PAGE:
Picked twice to bring a troublesome part of the country under control, Xi on Monday won another boost to his succession prospects when the ruling Communist Party promoted him to the body that oversees the country's military.
Xi, 57, has long been marked out as the likely successor to President Hu Jintao, who must retire from running the Party in late 2012 and from the presidency in early 2013.
Xi's prospects for clinching the top job became even clearer after the Party's Central Committee, a council of about 370 senior officials, promoted him to Vice Chairman of the Central Military Commission, which controls the People's Liberation Army.
Hu is Chairman of the Military Commission, and Xi's promotion means he is following in the footsteps of Hu, who was also promoted to the Commission before becoming state president.
Xi has crafted a low-key, sometimes bluff political style. Earlier this year, he complained officials' speeches and writings were clogged with Party jargon and demanded more plain speaking.
During a visit to Mexico early last year, he mocked foreign worries that China was headed down the wrong path.
"Some foreigners with full bellies and nothing better to do engage in finger-pointing at us," he said.
"First, China does not export revolution; second, it does not export famine and poverty; and third, it does not mess around with you. So what else is there to say?"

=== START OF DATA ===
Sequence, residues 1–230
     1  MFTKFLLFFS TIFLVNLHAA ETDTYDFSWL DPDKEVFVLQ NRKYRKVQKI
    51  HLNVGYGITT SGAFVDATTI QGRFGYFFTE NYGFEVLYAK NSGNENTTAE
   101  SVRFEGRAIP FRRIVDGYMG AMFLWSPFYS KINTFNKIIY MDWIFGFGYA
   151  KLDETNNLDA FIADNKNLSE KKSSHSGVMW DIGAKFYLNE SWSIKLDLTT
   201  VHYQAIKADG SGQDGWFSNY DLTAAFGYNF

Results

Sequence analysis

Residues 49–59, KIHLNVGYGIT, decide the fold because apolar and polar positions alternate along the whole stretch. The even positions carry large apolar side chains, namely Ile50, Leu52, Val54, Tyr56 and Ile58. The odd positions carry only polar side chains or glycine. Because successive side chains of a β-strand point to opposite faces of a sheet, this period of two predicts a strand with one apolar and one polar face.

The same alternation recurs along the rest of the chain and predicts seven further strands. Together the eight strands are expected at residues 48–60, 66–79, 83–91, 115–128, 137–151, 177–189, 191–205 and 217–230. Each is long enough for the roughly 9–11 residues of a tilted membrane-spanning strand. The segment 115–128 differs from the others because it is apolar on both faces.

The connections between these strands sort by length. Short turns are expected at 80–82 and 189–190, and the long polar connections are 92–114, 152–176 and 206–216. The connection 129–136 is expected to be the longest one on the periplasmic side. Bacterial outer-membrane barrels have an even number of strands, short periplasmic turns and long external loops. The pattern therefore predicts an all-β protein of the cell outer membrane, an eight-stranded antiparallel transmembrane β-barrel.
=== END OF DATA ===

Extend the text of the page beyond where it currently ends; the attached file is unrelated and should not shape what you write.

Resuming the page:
Xi went to work in the poor northwest Chinese countryside as a "sent-down youth" during the chaos of the 1966-76 Cultural Revolution, and became a rural commune official.
He later studied chemical engineering at Tsinghua University in Beijing, an elite school where Hu also studied. Xi later gained a doctorate in Marxist theory from Tsinghua.
XI THE PRINCELING
He is the son of reformist former vice premier and parliament vice-chairman Xi Zhongxun, making him a "princeling" -- one of the privileged sons and daughters of China's incumbent, retired or late leaders.
A native of the poor, inland province of Shaanxi, home of the terracotta warriors, Xi Jinping was promoted to governor of the southeastern province of Fujian in August 1999 after a string of provincial officials were caught up in a graft dragnet.
In March 2007, the portly Xi secured the top job in China's commercial capital Shanghai when his predecessor, Chen Liangyu, was caught up in a huge corruption case. Xi held that job until October 2007 when he was promoted to the Party's Standing Committee -- the ruling inner-circle.
Xi shot to national fame in the early 1980s as Party boss of a rural county in Hebei province, which surrounds Beijing. He had rare access to then national Party chief Hu Yaobang in the leadership compound, Zhongnanhai, west of the Forbidden City.
Xi is married to Peng Liyuan, a renowned singer who was once arguably more popular in China than her husband, until the Party began ordering her to keep a low profile as her husband moved up the ranks.
"He's the best," Peng gushed in an interview with a state-run magazine in 2007, describing him as frugal, hardworking and down-to-earth.
"When he comes home, I've never thought of it as though there's some leader in the house. In my eyes, he's just my husband. When I get home, he doesn't think of me as some famous star. In his eyes, I'm simply his wife," she added.
(Additional reporting by Chris Buckley; Editing by Alex Richardson)
By Ben Blanchard
BEIJING | Mon Oct 18, 2010 6:38am EDT